Ad Vanderveen

Late Bloomer

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AllMusic Review by Stewart Mason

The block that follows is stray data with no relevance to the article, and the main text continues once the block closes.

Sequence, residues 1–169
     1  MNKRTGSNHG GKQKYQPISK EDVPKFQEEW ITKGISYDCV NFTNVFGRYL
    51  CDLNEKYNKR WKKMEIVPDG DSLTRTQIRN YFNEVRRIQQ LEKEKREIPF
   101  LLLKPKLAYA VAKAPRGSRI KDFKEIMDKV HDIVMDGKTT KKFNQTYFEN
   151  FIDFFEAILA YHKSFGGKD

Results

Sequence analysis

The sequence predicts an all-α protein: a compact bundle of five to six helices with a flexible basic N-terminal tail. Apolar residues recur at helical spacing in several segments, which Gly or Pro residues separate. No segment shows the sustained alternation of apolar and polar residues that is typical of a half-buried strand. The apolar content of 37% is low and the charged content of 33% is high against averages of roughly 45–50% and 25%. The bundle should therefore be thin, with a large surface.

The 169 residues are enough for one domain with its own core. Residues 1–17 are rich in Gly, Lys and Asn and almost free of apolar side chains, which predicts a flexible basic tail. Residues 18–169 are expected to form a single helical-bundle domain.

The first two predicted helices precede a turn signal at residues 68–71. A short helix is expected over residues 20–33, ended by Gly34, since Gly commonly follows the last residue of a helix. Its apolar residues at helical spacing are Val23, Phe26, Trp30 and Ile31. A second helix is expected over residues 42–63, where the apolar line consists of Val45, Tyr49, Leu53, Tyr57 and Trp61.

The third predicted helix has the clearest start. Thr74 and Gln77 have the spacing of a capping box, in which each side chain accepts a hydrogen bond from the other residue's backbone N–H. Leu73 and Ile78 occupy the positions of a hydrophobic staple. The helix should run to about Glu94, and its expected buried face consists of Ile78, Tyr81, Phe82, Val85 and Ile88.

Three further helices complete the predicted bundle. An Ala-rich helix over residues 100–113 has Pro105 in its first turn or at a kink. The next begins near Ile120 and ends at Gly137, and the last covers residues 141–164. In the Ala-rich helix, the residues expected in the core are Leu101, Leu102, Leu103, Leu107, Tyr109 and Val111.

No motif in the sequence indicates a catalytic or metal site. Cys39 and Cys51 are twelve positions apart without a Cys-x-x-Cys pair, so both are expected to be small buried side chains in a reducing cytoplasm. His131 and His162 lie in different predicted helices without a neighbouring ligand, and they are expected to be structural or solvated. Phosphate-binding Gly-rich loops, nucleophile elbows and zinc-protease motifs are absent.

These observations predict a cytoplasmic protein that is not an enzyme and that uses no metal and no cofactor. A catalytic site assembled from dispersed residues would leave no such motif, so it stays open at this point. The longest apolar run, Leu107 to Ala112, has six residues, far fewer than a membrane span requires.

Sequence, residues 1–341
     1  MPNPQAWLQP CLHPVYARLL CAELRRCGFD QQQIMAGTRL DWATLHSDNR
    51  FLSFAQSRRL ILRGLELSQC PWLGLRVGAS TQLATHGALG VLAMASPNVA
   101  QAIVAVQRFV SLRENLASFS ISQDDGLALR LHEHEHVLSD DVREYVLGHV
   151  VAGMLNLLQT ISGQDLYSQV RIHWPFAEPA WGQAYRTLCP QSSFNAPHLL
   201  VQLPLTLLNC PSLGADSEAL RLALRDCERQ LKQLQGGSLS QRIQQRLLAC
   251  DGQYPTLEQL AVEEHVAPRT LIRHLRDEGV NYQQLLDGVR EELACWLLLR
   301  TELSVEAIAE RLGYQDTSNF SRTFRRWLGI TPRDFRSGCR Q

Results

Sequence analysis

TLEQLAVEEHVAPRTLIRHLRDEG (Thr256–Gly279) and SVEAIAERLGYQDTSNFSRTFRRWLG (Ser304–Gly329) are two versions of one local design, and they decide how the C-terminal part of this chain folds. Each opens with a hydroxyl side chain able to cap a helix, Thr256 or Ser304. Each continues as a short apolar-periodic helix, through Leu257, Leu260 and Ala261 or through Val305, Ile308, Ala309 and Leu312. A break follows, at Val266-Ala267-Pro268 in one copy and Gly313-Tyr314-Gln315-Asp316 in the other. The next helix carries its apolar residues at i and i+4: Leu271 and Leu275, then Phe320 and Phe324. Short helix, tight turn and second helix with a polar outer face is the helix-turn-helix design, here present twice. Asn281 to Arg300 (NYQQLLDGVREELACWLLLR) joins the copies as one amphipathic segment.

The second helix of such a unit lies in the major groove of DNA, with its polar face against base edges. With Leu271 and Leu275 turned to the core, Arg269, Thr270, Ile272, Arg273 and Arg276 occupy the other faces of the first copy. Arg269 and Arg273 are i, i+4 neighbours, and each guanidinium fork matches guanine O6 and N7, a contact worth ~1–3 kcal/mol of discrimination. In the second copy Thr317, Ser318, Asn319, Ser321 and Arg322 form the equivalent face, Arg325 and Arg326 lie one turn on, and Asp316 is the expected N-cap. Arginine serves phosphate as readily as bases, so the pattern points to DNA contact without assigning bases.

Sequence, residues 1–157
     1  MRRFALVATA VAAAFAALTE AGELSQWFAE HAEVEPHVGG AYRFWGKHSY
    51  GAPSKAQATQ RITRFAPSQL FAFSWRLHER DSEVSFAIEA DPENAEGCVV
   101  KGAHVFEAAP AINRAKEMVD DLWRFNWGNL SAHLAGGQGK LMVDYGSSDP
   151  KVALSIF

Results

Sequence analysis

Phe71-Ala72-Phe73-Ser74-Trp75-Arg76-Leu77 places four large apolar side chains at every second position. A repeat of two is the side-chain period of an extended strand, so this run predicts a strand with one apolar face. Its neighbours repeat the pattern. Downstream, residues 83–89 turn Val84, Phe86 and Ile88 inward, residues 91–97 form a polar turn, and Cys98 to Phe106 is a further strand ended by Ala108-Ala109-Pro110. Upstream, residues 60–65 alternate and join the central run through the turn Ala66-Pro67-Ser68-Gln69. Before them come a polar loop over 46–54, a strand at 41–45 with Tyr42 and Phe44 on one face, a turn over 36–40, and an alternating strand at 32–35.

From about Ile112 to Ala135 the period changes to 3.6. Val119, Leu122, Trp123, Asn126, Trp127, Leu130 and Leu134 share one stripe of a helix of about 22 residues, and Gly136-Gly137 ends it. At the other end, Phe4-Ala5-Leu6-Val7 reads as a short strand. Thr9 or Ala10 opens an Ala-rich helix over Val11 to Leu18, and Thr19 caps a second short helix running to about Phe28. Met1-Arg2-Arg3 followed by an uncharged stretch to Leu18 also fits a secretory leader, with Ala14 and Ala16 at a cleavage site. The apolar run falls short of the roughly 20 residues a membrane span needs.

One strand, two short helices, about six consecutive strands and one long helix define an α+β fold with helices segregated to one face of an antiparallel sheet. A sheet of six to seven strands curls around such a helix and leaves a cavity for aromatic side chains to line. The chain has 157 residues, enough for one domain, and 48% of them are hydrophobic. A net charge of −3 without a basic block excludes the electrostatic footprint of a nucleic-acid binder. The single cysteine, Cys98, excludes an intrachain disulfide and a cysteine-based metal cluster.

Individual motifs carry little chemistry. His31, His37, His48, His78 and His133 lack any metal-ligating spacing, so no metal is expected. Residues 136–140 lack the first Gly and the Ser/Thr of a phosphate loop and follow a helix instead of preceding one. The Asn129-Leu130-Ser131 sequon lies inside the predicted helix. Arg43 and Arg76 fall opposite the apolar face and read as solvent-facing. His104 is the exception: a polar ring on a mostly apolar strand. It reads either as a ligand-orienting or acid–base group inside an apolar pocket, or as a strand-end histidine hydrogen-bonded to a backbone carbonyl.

A career-spanning anthology originally released in 2003 in Ad Vanderveen's native Holland, Late Bloomer is a solid old-school singer/songwriter disc: think John Prine and Neil Young, not Elliott Smith and James Blunt. Not strictly guitar and voice -- piano, female backing vocals, mandolin, fiddle and other instruments are subtly deployed where necessary -- but retaining that sort of intimacy, these songs were cut over the course of a decade, but Vanderveen's style is so firmly entrenched that they could have been recorded in a single session. On their own merits, songs like "If My Eyes Were Blind" and "Anchor" are '70s-style singer/songwriter pop in its purest and most enjoyable form, but over the course of a lengthy anthology like this one, listener fatigue might set in around the two-thirds point, when Vanderveen's unmistakable tendency to mimic Neil Young's vocal phrasing becomes less charming than it had been on early songs like the country-ish "First Feeling." (It's not at all surprising to learn that Vanderveen's backing band, "the O'Neils," were originally called "the Young Neils" in blatant hero worship.) Overall, however, Late Bloomer makes a fine introduction to Ad Vanderveen, a cult figure on the edge of the Americana scene who deserves wider exposure.

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